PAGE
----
But clearly, everyone has a choice. If they aren't willing to pay the freight, there are any number of fine races that are available at a lower cost. Many would like the Ritz-Carlton experience, but there's nothing wrong with the occasional Holiday Inn Express.

            1. Beefy T.

              … so to bring the costs down, eliminate the qualifying (or simply make the qualifying 'will your check clear?') and quit courting the elites and there will be fewer buckles to hand out … kind of like Leadville :-)… then, sell the race to a gym for a boat load cash.

              I jest … I jest.

  32. Mackey

    Thanks for the info, John. I'd resolved to not comment anymore on WS 100 posts (as there are way too many of them IMO). But this is clarifying to read some details of what goes on behind the numbers, particularly one with such a big target on it's back. I am not sure why I thought this was some secret; guess I should have just asked!

  33. Ben Nephew

    It seems like the math adds up to justify the costs, but it leaves me more confused as to how a number of races I've attended provide considerable travel funding and several days of room and board for 80-200 people. They must lose a ton of money.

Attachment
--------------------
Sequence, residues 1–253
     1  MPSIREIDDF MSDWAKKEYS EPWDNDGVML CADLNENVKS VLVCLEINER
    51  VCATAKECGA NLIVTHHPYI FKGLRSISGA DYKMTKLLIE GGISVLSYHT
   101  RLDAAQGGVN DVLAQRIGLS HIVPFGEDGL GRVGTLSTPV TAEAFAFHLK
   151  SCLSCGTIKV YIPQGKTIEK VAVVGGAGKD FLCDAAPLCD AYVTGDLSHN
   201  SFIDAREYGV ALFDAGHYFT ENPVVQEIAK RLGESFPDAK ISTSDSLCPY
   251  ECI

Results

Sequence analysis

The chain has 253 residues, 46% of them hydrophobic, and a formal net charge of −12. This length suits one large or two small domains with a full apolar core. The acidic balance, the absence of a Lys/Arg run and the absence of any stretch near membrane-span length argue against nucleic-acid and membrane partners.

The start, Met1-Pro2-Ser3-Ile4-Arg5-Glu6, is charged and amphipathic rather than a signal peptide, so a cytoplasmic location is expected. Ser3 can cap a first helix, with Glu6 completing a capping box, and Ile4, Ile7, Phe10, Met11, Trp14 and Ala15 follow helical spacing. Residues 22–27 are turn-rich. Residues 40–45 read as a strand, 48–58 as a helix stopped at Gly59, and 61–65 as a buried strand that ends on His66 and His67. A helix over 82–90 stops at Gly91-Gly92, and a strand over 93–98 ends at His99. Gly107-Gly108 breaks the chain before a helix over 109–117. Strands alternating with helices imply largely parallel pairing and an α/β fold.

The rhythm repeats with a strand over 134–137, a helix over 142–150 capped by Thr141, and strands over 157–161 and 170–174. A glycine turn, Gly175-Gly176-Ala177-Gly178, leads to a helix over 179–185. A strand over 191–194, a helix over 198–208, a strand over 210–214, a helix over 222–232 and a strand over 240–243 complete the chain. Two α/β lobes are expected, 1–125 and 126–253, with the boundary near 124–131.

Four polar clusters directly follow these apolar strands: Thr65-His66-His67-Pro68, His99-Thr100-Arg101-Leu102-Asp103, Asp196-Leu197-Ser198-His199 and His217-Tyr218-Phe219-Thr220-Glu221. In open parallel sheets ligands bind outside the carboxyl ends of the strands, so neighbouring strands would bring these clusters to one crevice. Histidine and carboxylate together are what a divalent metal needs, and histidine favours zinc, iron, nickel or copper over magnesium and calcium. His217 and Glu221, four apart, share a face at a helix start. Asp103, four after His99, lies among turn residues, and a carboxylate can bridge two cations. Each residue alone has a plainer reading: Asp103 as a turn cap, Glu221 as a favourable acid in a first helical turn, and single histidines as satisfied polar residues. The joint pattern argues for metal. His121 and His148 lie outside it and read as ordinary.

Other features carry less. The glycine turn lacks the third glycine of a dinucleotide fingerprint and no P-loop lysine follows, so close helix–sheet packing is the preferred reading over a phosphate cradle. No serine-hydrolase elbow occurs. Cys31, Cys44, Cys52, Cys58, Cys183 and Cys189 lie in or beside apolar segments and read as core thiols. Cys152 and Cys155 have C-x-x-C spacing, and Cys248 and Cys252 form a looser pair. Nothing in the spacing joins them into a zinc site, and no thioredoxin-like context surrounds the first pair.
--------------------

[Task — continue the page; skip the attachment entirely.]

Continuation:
In terms of the medical research, I'm sure there are plenty of NIH or Defense Department funded researchers that would love the opportunity to collect data at the race. Human subjects are typically paid when they take part in federally funded research, and it may be a way for some runners to earn some of their entry fee back! I just found an free 75k trail race that was sponsored by the University of British Columbia this past summer which included a free V02 max test, and the level of Canadian research funding is considerably less than the the money available at NIH.

    It would be nice to think that if any race would get a large amount of sponsorship support, it would be WS, but I am guessing that you would have to go beyond ultra and local companies to offset a large percentage of the budget.